“The total number of U.S. food stamp recipients” surged “to an all-time high of 45.8 million people in May,” the most recent month for which data is available. That’s “nearly 15 percent of the U.S. population.” “The average food stamp benefit was $133.80 per person” — which is more than I spent on food as a bachelor — “and $283.65 per household” — which is more than my family typically spends on food in a month.
Loopholes in the law have enabled even millionaires to collect food stamps. Food stamp fraud has also exploded. As states have sought to implement antifraud measures, “The Obama administration is responding by cracking down on state governments’ antifraud measures,” notes James Bovard in the Wall Street Journal. Food stamp amounts are generous enough to make fraud worthwhile for even some non-poor people.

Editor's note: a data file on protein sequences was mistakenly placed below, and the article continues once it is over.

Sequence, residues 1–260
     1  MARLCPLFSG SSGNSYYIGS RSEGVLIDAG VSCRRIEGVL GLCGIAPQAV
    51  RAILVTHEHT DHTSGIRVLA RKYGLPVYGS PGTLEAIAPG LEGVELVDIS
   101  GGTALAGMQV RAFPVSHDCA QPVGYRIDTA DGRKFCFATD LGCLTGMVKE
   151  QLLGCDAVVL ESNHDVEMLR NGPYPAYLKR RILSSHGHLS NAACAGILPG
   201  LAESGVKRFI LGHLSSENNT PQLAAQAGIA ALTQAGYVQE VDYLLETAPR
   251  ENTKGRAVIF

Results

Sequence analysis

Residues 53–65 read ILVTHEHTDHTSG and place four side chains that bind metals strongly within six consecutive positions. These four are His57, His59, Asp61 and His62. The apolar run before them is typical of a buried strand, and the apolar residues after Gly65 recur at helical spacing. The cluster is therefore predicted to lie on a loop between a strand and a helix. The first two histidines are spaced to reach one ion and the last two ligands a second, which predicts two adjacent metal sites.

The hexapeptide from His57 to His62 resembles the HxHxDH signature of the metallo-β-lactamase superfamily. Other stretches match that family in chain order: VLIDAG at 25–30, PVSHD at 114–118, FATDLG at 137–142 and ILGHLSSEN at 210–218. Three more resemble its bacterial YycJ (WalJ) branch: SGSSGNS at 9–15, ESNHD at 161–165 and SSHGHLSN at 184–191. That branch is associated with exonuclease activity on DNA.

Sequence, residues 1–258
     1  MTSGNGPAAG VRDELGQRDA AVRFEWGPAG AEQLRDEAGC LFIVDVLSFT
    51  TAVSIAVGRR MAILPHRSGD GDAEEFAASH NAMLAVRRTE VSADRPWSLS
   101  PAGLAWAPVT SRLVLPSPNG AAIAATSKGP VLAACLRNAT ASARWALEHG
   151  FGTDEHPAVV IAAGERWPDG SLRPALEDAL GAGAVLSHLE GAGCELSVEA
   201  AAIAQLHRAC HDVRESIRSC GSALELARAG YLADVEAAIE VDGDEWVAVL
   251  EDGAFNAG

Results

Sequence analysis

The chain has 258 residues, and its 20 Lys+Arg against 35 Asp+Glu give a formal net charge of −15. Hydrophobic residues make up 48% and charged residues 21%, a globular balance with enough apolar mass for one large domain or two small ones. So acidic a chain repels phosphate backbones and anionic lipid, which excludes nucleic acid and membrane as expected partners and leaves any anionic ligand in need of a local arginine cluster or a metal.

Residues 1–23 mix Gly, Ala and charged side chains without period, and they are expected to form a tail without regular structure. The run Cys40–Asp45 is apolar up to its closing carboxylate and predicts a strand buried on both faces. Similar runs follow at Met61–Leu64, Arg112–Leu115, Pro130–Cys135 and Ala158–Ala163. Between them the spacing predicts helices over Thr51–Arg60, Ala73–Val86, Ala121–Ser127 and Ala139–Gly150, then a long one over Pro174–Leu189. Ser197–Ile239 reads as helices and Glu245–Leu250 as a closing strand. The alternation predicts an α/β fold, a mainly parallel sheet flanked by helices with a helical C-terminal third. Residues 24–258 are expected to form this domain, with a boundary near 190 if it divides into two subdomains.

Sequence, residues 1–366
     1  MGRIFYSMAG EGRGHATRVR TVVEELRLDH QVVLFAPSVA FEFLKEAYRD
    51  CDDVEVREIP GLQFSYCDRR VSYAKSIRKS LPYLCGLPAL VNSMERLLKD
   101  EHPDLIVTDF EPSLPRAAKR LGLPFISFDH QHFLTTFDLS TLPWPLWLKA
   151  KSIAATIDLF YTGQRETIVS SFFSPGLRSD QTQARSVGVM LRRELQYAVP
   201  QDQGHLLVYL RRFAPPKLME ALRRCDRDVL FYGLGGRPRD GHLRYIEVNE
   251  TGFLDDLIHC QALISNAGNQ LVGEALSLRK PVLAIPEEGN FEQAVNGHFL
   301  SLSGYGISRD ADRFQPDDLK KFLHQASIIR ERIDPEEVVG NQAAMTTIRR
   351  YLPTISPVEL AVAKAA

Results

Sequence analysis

Earlier, I wrote about how it is not difficult to live on a food stamps budget. The Washington Post ran a story in its health section about how various people, such as the chef for a law firm and a natural foods store owner, were able to live quite well on a food stamps budget. For example, Rick Hindle, executive chef for the Skadden, Arps law firm “showed recently that you don’t have to spend hours in the kitchen to prepare healthful food for $1 or less per meal.”